Alongside the rest of the tech sector, shares of freshly public Vroom (NASDAQ:VRM) have taken a nose dive recently, with Vroom stock falling as much as 30% in a matter of days.
But guess what?
Vroom is still pioneering a new era of online car buying and selling. The company is growing by leaps and bounds. And the opportunity for sustained huge revenue and profit growth over the next five to 10 years is compelling.
The only thing that has changed is that macroeconomic noise and volatility pulled the Vroom stock price down into undervalued territory. This volatility will pass. When it does, VRM stock will reverse course, and head sharply higher. So ignore the noise and buy the dip.
Here’s a deeper look.
A New Era of Car Buying and Selling
Thanks to the novel coronavirus, we are entering a new era of car buying and selling – one that is faster, more convenient, more streamlined, cheaper, more relevant and overall just better than the status quo.
What does this new era look like?
We all buy cars online.
I get that this is a tough concept for some of you to wrap your head around. You need to test drive the car. See it. Feel it. Inspect it for scratches and dents. Really get to know everything about the car before plopping down $10,000-plus. This is largely why the auto market is so under-penetrated in terms of e-commerce, with online sales accounting for just 0.9% of all used car sales (versus 16% of total retail sales).
At the same time, though, no one likes the car buying process. It takes forever. It’s highly fragmented. There is limited availability. There’s a lack of transparency, and the industry is notorious for aggressive sales pressure tactics. No wonder more than 80% of us say we are dissatisfied with the car shopping process, while only 9% of say we trust car salespeople.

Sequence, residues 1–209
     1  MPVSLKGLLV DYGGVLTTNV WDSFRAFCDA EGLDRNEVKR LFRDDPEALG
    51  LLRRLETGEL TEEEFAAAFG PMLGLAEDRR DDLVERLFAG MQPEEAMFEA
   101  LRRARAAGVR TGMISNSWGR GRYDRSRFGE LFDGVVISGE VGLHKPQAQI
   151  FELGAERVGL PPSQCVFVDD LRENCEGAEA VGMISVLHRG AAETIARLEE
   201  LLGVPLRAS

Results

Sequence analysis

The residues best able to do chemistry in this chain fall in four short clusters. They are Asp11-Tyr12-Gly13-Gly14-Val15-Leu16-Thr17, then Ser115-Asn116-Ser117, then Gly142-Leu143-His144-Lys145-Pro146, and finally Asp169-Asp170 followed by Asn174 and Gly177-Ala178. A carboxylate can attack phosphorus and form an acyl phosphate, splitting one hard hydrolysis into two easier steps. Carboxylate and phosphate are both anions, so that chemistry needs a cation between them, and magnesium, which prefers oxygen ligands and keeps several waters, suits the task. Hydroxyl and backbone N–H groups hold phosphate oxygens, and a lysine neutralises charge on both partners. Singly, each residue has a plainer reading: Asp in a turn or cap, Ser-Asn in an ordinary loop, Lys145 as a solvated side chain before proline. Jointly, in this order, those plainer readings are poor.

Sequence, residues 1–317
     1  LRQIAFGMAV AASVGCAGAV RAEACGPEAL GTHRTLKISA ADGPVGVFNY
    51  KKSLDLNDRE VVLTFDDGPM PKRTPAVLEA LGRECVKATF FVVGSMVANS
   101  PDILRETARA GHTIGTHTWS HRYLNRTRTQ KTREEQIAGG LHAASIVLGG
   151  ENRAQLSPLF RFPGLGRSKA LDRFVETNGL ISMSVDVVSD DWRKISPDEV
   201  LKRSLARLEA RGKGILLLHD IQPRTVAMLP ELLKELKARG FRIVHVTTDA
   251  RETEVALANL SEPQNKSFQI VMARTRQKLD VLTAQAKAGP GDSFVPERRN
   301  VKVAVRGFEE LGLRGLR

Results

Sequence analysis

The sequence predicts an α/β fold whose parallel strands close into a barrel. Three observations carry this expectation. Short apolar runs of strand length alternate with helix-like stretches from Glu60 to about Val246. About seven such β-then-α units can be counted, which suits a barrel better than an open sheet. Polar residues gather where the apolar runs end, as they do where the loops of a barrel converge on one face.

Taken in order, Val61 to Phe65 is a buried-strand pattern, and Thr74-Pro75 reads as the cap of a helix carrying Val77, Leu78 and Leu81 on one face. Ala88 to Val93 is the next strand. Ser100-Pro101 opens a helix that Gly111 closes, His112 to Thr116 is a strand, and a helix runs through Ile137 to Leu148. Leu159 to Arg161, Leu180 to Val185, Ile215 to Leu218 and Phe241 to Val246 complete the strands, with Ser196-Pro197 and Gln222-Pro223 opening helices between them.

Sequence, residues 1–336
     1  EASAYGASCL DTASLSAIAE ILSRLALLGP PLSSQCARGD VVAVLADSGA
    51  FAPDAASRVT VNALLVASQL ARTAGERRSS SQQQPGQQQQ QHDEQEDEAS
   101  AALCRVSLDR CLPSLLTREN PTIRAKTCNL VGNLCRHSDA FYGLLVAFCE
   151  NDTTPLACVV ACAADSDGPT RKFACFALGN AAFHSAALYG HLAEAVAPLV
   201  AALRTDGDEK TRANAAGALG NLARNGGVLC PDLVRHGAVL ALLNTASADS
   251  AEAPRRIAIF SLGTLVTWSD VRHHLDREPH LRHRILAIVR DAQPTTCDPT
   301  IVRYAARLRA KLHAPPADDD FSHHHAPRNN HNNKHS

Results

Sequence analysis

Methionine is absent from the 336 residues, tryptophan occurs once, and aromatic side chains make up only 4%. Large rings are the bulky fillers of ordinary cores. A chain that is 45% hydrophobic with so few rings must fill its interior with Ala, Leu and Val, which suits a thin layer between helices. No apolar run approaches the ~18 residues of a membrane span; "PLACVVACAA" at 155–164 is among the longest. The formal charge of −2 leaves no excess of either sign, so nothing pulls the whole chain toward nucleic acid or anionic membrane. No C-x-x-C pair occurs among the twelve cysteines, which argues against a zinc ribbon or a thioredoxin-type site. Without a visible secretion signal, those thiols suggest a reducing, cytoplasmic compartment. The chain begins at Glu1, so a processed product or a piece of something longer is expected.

To that extent, the future here is clear. As soon as technology advances to a point that it can fully address the shortcomings of online car shopping, the auto market will move online.
The Future Has Arrived
That future is happening now.
Companies like Vroom and Carvana (NASDAQ:CVNA) are leaning into unique technologies like augmented reality and 3D picture viewing. This will give consumers a robust “bird’s eye view” of cars that is exceptionally granular. Consumers will be able to get exceptionally comfortable with vehicles without having to see them.
At the same time, these companies are leaning into data-driven strategies to competitively price their vehicles, create a dynamic and real-time assortment of vehicles, expand inventory to a national level and allow for smart financing.
They feature contactless delivery to your doorstep. You can test drive the vehicles after purchase, and if you don’t like what you bought, you can return it for a full refund within seven days. Plus, you can also trade-in your old car, or simply sell a used vehicle, without leaving your home. They come to you.
In other words, Vroom and Carvana are pioneering a new and improved way to buy cars. It’s all online. It’s streamlined, cheap, fast and allows consumers nearly as much comfort as the physical shopping experience (thanks to AR, 3-D pictures and seven-day refund policies).
Adoption of this new business model has accelerated during the Covid-19 pandemic. In the first half of 2020, Vroom reported a 108% rise in e-commerce units sold.
Adoption will continue to accelerate for the foreseeable future, thanks to secular digitization tailwinds.
As it does – and as we enter this new era of online car buying and selling – Vroom will grow by leaps and bounds, and Vroom stock will head way, way higher.
Vroom Has Competitive Advantages